Flexibility has long been regarded as a cultural embedded skill or quality. We tend to view more relaxed cultures and individuals as more flexible, while thorough societies and its members tend to be regarded as more rigid and less willing to engage in a flexible mentality.
Flexibility, as part of the emotional intelligence skills, is a component that is worth dwelling into, as it opens possibilities and new perspectives to situations that could have probably been overlooked.
From the emotional intelligence texts, we learn that flexibility is a component of the stress management domain together with stress tolerance and optimism. It is defined as adapting emotions, thought and behaviors to unfamiliar, unpredictable and dynamic circumstances or ideas.
It is a skill that help us adjust to change we cannot predict or control. If used consciously, it allows us to accommodate to the needs of others while maintaining self-regard. And opens new possibilities and ways of thinking. Likewise, if flexibility is taken to any extreme, too flexible or too inflexible, could hinder our healthy emotional development.
Assessing Flexibility: The Flexibility Continuum
So how flexible or rigid do we react to a situation? Here is where the flexibility continuum becomes relevant. As shown in the image, the continuum depicts the two extremes of flexibility. In one end, if we react and behave too flexible, we end up pleasing other people and disregarding our own needs. Consequently, internal frustration amounts and our level of emotional well-being experiences a cutback. Excess flexibility must be properly managed by our internal conscious constructs, if not, we end up being too malleable and adaptable therefore jeopardizing our self-regard.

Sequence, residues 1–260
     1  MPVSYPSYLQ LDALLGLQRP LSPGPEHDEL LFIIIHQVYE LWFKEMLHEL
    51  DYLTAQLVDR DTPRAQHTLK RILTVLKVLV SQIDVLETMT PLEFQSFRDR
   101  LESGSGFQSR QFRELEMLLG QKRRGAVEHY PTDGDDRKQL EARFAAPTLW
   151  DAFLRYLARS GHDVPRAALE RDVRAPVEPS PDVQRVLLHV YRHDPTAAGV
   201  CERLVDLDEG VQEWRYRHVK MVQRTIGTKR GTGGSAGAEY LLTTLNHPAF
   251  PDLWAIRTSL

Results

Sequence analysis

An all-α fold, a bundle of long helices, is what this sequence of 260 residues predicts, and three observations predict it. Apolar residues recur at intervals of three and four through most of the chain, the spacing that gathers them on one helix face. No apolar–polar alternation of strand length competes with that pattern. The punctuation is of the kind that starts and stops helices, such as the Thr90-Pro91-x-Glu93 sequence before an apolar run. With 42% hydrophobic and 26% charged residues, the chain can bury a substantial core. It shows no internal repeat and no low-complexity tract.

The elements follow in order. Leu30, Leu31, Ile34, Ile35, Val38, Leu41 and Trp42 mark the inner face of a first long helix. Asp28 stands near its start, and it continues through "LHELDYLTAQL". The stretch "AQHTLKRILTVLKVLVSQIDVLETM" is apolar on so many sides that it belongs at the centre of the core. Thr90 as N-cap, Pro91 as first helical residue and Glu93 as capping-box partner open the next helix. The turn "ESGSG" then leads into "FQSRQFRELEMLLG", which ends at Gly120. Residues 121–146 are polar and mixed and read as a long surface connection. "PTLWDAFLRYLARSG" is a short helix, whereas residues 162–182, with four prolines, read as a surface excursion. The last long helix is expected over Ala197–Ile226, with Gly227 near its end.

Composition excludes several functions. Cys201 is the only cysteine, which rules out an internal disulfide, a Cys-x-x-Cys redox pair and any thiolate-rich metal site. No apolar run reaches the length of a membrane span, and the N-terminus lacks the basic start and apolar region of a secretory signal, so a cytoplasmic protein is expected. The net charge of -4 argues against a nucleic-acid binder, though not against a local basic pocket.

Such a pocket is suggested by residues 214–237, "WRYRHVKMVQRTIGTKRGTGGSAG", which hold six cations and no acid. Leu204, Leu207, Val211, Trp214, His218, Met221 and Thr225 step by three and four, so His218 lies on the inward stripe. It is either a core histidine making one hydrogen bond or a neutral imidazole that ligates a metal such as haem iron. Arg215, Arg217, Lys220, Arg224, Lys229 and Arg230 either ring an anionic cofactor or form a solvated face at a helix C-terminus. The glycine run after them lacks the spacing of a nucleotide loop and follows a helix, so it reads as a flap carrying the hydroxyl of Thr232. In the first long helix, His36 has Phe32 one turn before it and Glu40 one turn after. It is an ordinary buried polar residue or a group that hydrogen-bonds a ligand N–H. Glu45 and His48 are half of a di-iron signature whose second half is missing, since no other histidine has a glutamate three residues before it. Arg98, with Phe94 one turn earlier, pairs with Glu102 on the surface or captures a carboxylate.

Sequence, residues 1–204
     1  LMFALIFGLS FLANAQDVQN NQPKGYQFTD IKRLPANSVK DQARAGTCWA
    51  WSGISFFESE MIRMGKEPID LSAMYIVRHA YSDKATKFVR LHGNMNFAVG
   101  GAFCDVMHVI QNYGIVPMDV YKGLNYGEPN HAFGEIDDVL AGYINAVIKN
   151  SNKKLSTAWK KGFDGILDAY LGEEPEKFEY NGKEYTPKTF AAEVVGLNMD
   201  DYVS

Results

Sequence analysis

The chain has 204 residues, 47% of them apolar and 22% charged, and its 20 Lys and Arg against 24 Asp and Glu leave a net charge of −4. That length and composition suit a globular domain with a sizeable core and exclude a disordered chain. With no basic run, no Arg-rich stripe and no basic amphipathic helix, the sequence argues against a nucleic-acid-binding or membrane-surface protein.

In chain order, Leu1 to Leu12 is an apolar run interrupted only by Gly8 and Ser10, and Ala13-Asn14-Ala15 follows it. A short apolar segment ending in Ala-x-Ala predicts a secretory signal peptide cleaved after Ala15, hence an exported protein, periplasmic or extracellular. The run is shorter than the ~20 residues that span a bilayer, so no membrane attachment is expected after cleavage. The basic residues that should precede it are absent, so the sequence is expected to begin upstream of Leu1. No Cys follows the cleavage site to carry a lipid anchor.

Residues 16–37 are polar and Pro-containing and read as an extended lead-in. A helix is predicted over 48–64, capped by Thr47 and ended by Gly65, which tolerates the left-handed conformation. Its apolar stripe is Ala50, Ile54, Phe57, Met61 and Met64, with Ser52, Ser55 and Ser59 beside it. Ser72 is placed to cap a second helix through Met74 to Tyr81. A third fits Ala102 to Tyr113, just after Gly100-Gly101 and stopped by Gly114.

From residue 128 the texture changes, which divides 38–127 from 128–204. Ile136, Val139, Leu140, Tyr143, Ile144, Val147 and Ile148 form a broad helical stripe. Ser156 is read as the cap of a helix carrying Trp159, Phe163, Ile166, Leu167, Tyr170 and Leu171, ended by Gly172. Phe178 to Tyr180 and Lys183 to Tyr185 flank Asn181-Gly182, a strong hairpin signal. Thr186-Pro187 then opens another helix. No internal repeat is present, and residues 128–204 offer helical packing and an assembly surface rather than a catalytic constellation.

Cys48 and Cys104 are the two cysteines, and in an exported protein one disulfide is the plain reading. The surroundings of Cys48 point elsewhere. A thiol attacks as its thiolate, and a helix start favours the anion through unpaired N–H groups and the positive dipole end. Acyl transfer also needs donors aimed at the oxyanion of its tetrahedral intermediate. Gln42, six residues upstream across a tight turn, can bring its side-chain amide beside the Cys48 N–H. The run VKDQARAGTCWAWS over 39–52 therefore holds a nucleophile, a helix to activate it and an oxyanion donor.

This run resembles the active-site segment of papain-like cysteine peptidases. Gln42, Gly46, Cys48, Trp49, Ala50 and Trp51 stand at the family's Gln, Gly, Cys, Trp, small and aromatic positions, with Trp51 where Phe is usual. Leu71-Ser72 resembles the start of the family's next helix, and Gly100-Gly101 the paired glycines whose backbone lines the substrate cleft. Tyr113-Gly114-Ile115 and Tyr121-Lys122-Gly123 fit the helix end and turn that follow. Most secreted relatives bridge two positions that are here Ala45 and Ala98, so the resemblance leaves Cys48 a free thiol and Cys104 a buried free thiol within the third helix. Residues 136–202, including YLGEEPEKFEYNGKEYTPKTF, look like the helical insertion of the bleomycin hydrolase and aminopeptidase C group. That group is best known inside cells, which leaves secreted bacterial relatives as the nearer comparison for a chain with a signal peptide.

The other extreme, acting in a very inflexible manner also bears a downside. While acting inflexible means that we live in a familiar and comfortable rut, this behavior makes it frustrating for others to interact with us, especially in times of change. By being too inflexible we risk becoming rigid and static hence missing opportunities and new perspectives of navigating through a situation. Flexibility is a balance act which tests sustaining our self-regard while being open to possibilities on alternative ways of dealing with daily life circumstances
A Simple Exercise
A simple exercise can start training our “flexibility muscle”. The exercise consists on stating a situation in an overtly flexible manner and then state the same situation in a very inflexible manner. Try it with this example:
When I go to work, I have to follow my routine to get my work done. Otherwise, I’m derailed and the day is pointless.
Statement I like to follow my routine at work. But some of what is on my plate just isn’t getting done. I need some new tools or strategies. What have I got to lose looking in a new direction?
Following the exercise will create a new level of awareness by consciously exploring the situation by moving from right to left on the flexibility continuum. That is, moving from a possibility stated by others in one end of the spectrum, therefore giving up self-regard, all the way to the far right, going into total shutdown and portraying no intention to look for an alternative. The exercise gives us the chance to view our own stand on the situation, one that we feel comfortable with.
Flexibility is a balancing act that requires awareness and practice. For any given situation, we can become conscious of the state of our “flexible muscle”, are we behaving too flexible or too inflexible? In this state of mental awareness, we can change the perspective shedding light on the situation, while consciously investigating the possibilities that may arise from a more flexible stand in accordance with our life views. Take the opportunity to incorporate a flexible mindset into YOUR life
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